Monday, November 28, 2011
Model Steamboat ST. JOHN c.1864 / Grand nightboat of the Hudson River
The great ST. JOHN idle on the Hudson River c.1864
The ST. JOHN and DREW, along with the DEAN RICHMOND, were the People's Line response to the river's ever-increasing traffic of the 1860s. The Troy-based steamboat Line
commissioned John Englis Shipyard in Brooklyn, New York to build a vessel that surpassed any contemporary steamboat of its time. The word "floating palace" became a new meaning for the massive sidewheeler ST. JOHN.
She was launched in 1863 to serve as a nightboat between New York and Albany. She was 393 feet in length, 51 feet in beam with a 10.2 feet depth of hold. Made of wood, her gross tonnage was 2645. Her engine was inherited from the large nightboat NEW WORLD, which sunk when her gallows frame collapsed and sent her walking beam crashing into her interior in 1859.
Currier and Ives print of nightboat ST. JOHN c. 19th century
Saratoga, Lake George, Lake Champlain and the Adirondacks were visited by thousands buring the decade of the 1860s. To accommodate these visitors and get them to these northern points, ST. JOHN set the course in both design and fashion for nightboats in 1863. The United States was at war with itself, but inspite of this civil unrest, citizens and foreigners continued to travel the picturesque Hudson River to enjoy those regions north of the Capital City.
The reputation of ST.JOHN was so great that newspapers heralded her beauty and size, prompting international visitors to board and admire her. The sidewheeler featured a high dome deck with staterooms on galleries. The grand staircase was carved of St. Domingo mahogany, inlaid with white holly, and double inlaid stars featured the newel posts.
Scale nightboat model of ST. JOHN exhibiting port profile. Scratchbuilt in three
wood types, it is scaled at 1/8" = 1' with an overall length of 48" inches.
ST. JOHN's first river tragedy occurred during her first year of service. On the evening of October 29, 1863 when only a few miles below Albany, New York, one of the boilers exploded with the loss of fifteen people. Her second and final disaster came when she was laid up at her winter quarters in New York City. At the foot of Canal Street, on January 24, 1885, she caught fire and was destroyed.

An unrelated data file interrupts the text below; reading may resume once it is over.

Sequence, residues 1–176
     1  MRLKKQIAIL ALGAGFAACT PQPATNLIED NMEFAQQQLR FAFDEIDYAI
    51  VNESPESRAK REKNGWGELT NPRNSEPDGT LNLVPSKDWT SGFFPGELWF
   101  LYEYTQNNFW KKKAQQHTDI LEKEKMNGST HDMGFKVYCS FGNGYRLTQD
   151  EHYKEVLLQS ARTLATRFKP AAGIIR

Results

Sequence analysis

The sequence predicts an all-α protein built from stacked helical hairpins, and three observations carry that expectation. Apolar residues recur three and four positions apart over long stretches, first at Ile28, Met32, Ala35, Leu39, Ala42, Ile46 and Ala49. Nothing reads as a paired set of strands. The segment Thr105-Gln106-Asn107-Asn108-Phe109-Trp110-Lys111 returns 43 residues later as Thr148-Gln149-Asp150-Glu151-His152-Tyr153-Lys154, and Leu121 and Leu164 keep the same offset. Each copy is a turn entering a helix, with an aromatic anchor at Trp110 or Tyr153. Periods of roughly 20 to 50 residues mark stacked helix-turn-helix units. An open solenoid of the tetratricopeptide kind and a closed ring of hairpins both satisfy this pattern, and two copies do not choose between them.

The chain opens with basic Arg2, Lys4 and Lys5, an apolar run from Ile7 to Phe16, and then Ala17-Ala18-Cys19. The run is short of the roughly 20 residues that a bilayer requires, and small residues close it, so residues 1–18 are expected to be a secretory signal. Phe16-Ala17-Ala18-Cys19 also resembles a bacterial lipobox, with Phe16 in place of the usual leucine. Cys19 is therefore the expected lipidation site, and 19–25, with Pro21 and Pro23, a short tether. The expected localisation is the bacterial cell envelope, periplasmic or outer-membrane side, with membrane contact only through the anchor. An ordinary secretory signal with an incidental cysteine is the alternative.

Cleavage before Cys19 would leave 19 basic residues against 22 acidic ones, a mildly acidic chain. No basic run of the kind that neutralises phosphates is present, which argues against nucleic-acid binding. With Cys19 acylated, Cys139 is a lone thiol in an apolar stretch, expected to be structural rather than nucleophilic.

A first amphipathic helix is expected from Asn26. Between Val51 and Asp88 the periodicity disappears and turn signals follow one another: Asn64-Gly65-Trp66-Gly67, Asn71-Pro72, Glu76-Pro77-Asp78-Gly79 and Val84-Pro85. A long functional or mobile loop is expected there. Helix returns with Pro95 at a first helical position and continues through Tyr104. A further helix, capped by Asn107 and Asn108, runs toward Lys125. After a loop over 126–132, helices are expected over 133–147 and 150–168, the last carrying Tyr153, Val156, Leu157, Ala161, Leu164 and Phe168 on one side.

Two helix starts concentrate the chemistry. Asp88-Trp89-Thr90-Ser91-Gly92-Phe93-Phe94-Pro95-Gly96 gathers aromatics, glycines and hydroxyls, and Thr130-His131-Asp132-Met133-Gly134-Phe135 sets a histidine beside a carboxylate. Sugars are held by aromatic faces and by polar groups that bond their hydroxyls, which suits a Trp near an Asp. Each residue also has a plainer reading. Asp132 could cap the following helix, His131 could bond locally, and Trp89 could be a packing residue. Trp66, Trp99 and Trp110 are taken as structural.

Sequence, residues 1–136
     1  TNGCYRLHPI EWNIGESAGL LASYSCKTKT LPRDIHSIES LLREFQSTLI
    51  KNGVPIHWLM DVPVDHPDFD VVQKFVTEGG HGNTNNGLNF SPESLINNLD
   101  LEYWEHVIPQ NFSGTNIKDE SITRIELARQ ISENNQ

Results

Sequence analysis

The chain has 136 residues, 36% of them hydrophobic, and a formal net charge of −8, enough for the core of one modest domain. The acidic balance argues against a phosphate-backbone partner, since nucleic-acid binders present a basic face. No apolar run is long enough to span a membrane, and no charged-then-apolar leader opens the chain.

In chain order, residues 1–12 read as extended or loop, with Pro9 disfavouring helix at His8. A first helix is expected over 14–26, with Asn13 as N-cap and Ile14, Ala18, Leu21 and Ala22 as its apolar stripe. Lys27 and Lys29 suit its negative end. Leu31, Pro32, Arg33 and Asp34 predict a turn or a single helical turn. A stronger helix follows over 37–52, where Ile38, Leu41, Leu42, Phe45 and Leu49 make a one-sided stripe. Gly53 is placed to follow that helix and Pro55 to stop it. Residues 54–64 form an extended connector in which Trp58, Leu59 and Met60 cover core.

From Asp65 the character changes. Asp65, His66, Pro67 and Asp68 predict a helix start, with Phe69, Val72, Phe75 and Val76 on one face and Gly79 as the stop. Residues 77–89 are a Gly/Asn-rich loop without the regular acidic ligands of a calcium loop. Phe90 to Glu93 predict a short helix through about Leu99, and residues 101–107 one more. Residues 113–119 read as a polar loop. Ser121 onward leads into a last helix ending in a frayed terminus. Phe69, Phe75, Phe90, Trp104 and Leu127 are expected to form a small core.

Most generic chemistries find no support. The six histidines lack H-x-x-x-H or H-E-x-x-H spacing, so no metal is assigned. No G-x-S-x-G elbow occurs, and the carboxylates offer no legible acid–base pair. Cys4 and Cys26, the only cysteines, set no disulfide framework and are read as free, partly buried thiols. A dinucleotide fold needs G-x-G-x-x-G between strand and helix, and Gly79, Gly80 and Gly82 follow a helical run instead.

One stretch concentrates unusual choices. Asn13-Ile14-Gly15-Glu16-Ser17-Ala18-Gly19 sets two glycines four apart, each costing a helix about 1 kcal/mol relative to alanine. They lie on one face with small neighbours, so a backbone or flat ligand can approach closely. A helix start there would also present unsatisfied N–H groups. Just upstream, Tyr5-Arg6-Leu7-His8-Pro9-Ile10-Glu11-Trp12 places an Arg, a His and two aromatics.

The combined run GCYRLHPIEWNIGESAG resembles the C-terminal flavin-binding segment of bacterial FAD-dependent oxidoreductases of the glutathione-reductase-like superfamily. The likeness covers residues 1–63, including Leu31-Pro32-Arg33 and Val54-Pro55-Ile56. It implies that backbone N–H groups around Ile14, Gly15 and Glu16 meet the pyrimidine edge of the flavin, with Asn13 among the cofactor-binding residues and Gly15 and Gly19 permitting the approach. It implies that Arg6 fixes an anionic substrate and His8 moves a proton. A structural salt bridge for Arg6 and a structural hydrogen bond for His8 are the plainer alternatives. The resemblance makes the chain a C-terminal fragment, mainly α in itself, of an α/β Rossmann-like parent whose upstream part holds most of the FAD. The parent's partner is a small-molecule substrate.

ST. JOHN ran on the Hudson River for 21 years, attracting a large following during her years of service. Like most notable vessels of her time, she was captured in photos, drawings, prints and paintings by some of the most prolific maritime artists of the period. In contemporary times, no true model ever existed on this famous steamboat which prompted me to research, build, and bring this image into public view as a scale model.
ST. JOHN's portside overview appearance of 1864 - Author's build
The author's plan profile of ST. JOHN's paddlebox design as it appeared
Although the paddlebox was a flat surface, the designers of the period produced an astonishing effect by introducing 'lines of perspective'. This particular technique gave the appearance of looking into a long colonaded room extending through the inside of the boat. The effect of perspective was heightened by painting in a tile floor of contrasting shades. Deep inside the composition a gate built up of lattice work gave out onto a painted landscape which was the envy of many interior designers of that day. Two years later the DEAN RICHMOND appeared on the river with similiar paddlebox treatment which gave a startling impression to passengers on passing boats.
This was the era of size and beauty, the 1860s. ST. JOHN was a vision for bold visionaries who took the idea from the drafting table to the shipyard -making this sidewheeler a prominent reality and one of the great legends of her day.
Starboard Profile of Hudson River nightboat ST. JOHN - Rex Stewart
For more information about commissioning a fine quality Hudson River or Northeast steamboat model email: Caseships@yahoo.com or call 1-774-757-7137. You may also visit http://www.rexstewartoriginals.com.